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Marijuana Reform Facebook Ads Restored After Social Network Ends 'Just Say Now' Ban

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Facebook turned over a new leaf Monday, unblocking advertisements promoting a marijuana legalization campaign involving a set of November ballot initiatives across the country.

The social media giant conceded to Internet freedom advocates over the past week that it had erred in yanking a pro-legalization group's ads from its network because of pot leaf images. Parties involved in the controversy confirmed the Facebook decision to The Huffington Post on Monday.

Just Say Now organizer Brian Sonenstein told The Huffington Post that the leafy ads were no longer listed as disapproved on Facebook.

When the online campaign's ads were submitted for review earlier this year, Facebook outright rejected them, as it did the group's ads two years ago. In 2010, Facebook took down Just Say Now's ads after about a week on the social network.

More than 15,000 supporters signed an online petition calling for Facebook to bring back the latest batch of Just Say Now ads, catching the eye of the Electronic Frontier Foundation and the American Civil Liberties Union Foundation of Northern California.

The two free speech groups approached Just Say Now and Students for Sensible Drug Policy — which had found itself in a similar situation — about appealing to Facebook. Electronic Frontier Foundation activism director Rainey Reitman and ACLU staff attorney Linda Lye said they held several discussions with Facebook executives from Wednesday to Friday. Lye said the Facebook representatives were "quick to admit" they had either misinterpreted or failed to follow Facebook advertising guidelines.

"Their position was very clear -- and we certainly applaud it -- which is that Facebook is a neutral platform," Lye said. "It does not weigh in on political advocacy, and it was a mistake to reject the ads."

In a statement last week, Facebook spokeswoman Gwendolyn Belomy said the company's advertising policy had not changed.

"We do allow images of marijuana in ads under circumstances, such as a political debate," Belomy said. "However, we do not allow ads for illegal activity, such as the sale of marijuana."

Belomy did not respond to a follow-up question on whether Facebook acknowledged a "mistake" in blocking the marijuana leaf ads.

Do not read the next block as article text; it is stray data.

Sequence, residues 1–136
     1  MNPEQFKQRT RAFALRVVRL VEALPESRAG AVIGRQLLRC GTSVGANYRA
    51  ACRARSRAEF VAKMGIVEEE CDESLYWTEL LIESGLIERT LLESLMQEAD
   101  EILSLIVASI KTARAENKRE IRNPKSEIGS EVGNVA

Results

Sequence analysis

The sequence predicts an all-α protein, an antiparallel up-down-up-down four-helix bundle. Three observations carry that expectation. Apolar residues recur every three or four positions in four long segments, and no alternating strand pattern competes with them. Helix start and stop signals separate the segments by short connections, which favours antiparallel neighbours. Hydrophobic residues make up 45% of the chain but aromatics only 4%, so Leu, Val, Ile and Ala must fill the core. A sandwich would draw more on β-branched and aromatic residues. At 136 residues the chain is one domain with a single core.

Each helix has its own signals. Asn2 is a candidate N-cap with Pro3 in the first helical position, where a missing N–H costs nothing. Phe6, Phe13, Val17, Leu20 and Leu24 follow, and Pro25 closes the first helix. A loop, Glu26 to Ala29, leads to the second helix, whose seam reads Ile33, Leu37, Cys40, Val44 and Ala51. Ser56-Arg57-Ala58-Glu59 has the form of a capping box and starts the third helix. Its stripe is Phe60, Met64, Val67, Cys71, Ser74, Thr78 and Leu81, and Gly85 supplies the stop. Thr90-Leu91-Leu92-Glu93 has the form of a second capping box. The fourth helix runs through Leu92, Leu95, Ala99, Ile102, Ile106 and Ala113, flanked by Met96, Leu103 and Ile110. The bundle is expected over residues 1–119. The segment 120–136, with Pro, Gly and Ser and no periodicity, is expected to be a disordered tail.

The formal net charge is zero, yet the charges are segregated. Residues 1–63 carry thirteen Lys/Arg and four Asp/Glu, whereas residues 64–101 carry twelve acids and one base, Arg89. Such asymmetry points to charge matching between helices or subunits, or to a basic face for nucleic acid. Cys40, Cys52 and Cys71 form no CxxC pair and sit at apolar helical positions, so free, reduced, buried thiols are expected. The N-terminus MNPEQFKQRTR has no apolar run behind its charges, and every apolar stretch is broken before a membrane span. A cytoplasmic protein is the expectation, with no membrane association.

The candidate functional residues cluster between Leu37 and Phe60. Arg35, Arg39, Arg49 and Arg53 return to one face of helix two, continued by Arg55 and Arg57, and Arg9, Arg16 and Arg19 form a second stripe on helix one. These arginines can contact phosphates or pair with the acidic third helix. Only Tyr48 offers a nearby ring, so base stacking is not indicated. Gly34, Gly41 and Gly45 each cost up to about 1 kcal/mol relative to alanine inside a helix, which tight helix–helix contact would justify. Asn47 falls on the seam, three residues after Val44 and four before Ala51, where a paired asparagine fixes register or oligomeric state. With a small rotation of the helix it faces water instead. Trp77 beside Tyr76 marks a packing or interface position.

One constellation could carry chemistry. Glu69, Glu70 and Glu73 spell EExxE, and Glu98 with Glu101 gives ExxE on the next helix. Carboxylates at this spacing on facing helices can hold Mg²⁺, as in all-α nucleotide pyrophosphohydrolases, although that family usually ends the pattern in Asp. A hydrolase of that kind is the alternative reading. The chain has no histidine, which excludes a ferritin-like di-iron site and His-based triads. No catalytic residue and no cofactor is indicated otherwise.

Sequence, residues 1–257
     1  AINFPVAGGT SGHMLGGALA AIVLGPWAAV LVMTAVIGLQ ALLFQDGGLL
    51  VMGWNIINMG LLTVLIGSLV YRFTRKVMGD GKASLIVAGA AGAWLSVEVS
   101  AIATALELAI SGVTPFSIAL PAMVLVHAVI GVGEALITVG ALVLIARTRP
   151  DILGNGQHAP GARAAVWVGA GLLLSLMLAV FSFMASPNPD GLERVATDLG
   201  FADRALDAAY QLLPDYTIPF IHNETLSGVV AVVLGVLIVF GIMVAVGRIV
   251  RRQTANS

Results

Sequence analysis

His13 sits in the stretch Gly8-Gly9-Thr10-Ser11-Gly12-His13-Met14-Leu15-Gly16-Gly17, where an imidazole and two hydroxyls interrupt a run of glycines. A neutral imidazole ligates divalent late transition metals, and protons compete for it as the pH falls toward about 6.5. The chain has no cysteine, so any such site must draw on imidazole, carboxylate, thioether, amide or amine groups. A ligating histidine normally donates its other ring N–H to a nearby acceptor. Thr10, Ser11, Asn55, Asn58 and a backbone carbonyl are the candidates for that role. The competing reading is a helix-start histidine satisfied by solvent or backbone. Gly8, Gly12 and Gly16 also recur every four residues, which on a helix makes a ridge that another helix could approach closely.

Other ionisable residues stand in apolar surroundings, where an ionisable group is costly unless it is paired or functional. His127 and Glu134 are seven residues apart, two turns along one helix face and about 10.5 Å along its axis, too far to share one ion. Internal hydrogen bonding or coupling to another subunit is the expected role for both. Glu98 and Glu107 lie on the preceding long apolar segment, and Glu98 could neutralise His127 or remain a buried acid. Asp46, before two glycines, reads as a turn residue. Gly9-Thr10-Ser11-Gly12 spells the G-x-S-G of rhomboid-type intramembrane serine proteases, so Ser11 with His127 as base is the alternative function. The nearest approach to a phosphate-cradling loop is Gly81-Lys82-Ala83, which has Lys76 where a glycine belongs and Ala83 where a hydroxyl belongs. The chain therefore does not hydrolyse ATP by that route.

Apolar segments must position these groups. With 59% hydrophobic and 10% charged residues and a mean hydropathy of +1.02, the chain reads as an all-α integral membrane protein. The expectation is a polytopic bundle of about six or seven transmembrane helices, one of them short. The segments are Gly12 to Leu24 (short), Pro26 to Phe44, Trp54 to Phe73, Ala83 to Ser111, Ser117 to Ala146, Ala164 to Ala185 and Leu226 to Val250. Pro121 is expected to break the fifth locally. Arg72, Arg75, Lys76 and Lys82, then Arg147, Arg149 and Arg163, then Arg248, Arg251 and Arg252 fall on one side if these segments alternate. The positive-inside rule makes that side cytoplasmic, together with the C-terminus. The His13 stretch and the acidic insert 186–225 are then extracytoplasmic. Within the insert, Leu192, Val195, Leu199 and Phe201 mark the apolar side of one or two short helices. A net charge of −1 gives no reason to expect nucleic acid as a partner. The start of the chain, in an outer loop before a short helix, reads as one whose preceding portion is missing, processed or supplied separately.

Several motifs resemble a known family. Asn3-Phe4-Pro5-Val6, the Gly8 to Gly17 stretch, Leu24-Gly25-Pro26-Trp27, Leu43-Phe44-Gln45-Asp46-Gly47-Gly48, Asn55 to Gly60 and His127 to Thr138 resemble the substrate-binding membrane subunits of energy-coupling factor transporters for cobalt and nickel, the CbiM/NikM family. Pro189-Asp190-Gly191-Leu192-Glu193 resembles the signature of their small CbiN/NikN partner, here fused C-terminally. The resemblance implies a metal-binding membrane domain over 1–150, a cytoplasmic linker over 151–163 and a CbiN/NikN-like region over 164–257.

For some legalization advocates, including Sonenstein, the ads' restoration shows a broader shift in public attitudes toward pot laws.

"Marijuana's knocking on the door at this point," Sonenstein said. "The initiatives and the campaigns are much stronger this year. Support is where it's never been, at least in the last 30 to 40 years. … It's just one of those things where people are starting to say, 'Well, I guess we better get on one side of this issue or the other,' because public perception is changing."

Just Say Now, an online campaign started by progressive blog Firedoglake.com, was launched in 2010 to push for ballot initiatives to legalize marijuana in Arizona, Oregon, California, Colorado and South Dakota. This election cycle, Sonenstein said Just Say Now is supporting major pot law reforms in six states.

When Facebook first pulled the pro-legalization ads in 2010, Firedoglake.com organizer Michael Whitney likened hiding the marijuana leaf to "running a campaign and saying you can't show the candidate's face."

In a blog post on the ACLU's website Monday morning, Lye praised Facebook's reversal as a "victory for free speech on the Internet." She warned that Facebook's ambition to become the "virtual town square" will be stymied if its advertising policies have built-in censorship.

"They did the right thing here," Electronic Frontier Foundation's Reitman told The Huffington Post. "But this is just going to keep coming up again and again both on Facebook and other sites as more of our political discussions and our societal discussions kind of move in to these online spaces."

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